As a window into how federal courts thought about EV, those courts cited many of the classic right-to-vote cases, such as Kramer, Dunn, and Harper. That is a powerful signal that the courts did not think that EV should be viewed through the lens of absentee voting. Instead, the courts viewed EV as much like election-day voting, just extended earlier in time. That is why the courts invoked these foundational precedents that preclude states from opening their polls to some voters but not others. Because the commentary fails to recognize that the courts viewed EV as better analogized to election day voting than absentee voting, that commentary has bypassed the central issue that made the litigation successful.
Could a state ever permit some voters to vote early and not others, if the state truly had some compelling reason for picking and choosing among voters? We don’t know the answer to that yet at this early stage of the development of the jurisprudence of early voting. But that issue was not convincingly presented in the Ohio litigation, because Ohio appeared to have stumbled into the situation it created: the state actually enacted two separate statutes, one that would have treated everyone equally for early voting, and one that permitted only military voters to vote the final weekend. In the face of such keystone cops-like legislative efforts (again, the commentary doesn’t take into account these specific facts about the bizarre situation Ohio stumbled into), the federal courts found it hard to credit any post-hoc claim that there were powerful and convincing reasons that justified Ohio opening its polls for EV to some voters but not others.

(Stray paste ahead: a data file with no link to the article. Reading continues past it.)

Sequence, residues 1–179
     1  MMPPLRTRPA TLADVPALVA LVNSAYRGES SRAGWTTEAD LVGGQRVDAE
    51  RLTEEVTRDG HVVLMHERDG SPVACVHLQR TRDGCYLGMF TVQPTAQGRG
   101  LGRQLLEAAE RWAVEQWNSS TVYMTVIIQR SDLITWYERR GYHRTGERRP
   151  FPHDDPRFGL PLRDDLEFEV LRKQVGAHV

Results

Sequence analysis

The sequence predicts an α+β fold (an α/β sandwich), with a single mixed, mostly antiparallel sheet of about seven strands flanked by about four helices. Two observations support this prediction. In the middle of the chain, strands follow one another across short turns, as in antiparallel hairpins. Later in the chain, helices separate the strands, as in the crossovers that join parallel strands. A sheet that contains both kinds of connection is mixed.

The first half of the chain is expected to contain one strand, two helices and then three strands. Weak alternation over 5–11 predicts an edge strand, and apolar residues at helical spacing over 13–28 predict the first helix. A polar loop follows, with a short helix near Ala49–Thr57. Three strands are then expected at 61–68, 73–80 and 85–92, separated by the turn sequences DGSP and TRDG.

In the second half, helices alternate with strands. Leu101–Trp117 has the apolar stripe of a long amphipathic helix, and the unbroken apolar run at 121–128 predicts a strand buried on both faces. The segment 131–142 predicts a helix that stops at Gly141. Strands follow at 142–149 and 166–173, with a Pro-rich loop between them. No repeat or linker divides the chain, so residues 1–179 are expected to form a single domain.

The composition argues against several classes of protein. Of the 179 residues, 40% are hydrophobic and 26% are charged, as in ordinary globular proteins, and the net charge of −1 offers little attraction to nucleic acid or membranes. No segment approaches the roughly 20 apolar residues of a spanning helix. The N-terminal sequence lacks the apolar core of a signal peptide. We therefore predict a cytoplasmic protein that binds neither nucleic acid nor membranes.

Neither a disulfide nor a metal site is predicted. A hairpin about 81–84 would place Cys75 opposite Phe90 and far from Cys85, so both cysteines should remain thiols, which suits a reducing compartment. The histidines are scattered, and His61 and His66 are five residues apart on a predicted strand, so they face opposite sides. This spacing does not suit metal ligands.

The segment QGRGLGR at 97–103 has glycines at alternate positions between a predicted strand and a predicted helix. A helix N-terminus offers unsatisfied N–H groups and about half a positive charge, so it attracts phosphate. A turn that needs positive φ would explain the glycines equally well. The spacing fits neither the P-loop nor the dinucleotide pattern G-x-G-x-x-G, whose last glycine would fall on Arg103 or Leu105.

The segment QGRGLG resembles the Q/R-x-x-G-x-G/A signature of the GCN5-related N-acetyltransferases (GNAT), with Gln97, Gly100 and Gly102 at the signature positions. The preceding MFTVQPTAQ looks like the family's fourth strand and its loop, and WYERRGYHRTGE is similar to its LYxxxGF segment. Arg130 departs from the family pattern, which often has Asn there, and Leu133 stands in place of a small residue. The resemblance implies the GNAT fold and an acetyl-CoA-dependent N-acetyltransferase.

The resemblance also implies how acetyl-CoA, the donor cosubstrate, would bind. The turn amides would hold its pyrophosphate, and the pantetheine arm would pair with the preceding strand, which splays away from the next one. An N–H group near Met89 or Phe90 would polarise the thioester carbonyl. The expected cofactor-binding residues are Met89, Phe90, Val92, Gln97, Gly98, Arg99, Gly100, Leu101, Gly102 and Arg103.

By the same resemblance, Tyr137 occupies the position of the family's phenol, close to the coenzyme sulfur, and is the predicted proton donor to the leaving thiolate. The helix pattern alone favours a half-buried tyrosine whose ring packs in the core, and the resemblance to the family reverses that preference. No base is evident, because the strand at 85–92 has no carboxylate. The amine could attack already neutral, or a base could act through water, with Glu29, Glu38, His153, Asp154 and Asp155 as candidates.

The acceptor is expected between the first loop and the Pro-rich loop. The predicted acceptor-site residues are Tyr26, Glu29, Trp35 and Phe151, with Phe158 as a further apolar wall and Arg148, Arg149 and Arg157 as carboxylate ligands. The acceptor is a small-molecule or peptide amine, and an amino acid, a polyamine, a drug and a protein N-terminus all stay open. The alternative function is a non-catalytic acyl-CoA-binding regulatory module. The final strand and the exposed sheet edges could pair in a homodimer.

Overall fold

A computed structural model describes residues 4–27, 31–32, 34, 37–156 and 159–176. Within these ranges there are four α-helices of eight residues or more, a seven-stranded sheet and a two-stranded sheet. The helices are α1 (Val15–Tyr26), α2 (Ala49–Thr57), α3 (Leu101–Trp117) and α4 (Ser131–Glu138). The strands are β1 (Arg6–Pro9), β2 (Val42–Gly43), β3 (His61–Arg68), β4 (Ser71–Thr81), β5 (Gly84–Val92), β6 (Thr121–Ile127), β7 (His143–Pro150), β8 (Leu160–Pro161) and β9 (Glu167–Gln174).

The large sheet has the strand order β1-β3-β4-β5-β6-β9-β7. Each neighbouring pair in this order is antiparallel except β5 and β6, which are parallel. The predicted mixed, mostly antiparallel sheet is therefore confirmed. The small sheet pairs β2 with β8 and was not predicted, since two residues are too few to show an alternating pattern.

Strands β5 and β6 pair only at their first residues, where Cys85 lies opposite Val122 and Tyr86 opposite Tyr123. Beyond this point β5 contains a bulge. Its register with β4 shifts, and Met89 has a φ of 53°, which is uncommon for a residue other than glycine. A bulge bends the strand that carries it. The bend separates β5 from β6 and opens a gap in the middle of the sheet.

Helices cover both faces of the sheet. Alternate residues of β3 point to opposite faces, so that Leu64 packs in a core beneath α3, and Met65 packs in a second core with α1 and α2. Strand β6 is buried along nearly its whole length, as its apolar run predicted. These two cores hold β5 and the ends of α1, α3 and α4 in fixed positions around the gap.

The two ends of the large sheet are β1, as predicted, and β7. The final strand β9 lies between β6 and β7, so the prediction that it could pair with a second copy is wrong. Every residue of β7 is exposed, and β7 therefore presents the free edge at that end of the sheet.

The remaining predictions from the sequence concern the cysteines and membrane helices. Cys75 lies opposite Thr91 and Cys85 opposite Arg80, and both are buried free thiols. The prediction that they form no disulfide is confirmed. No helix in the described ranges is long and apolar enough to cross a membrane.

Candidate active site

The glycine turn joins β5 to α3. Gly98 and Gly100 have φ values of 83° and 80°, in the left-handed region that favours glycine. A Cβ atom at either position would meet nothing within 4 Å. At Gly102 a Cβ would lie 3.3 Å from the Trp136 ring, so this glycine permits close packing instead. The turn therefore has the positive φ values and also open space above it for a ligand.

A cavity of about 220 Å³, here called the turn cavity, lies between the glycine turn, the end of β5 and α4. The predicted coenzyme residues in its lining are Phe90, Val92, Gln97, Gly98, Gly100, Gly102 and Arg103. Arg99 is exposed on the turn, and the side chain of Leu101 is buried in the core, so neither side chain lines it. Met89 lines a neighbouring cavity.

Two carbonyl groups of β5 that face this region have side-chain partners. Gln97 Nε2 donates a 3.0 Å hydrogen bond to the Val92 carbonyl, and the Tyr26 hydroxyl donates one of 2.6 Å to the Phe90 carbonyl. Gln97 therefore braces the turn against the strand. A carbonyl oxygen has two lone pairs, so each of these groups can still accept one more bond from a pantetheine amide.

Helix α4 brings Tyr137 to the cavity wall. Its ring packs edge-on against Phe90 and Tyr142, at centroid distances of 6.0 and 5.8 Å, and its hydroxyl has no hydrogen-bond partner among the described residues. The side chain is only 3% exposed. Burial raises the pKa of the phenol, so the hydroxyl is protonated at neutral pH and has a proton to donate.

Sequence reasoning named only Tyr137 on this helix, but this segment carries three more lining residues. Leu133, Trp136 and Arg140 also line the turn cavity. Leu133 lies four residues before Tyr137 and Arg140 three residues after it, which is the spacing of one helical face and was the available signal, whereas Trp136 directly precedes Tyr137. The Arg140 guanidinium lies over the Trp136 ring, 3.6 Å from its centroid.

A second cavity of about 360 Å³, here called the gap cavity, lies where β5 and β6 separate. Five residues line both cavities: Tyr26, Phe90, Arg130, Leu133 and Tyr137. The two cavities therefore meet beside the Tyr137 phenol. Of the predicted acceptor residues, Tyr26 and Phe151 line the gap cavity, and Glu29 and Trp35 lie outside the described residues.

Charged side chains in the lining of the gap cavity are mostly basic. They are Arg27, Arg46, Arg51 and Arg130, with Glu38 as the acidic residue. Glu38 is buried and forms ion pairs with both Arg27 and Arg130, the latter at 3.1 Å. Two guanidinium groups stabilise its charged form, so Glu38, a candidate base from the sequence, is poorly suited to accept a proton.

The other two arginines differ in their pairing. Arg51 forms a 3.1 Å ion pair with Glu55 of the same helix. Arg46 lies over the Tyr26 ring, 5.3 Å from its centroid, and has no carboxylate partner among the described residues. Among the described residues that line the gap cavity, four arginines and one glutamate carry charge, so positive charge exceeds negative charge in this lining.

I did not comment or blog about this case or any other matters during the election because I was working as a Senior Legal Advisor to the Obama campaign and considered it inappropriate to write as an academic expert when I was directly involved in these matters. But now that the election is over and I’m free to write, I want to make the point that once you conclude that the best way to understand EV is that it is an extension of election-day voting earlier in time — which is what the federal courts concluded and which is how, I would venture to say, voters overwhelmingly understand EV — it is easy to understand why the courts would have held it unconstitutional for a state to open its doors to some voters but not others. That is why I also thought the constitutional challenge to Ohio’s selective access to early voting would be successful and why I think most federal judges, not just those who sat on the case, would be likely to come out the same way.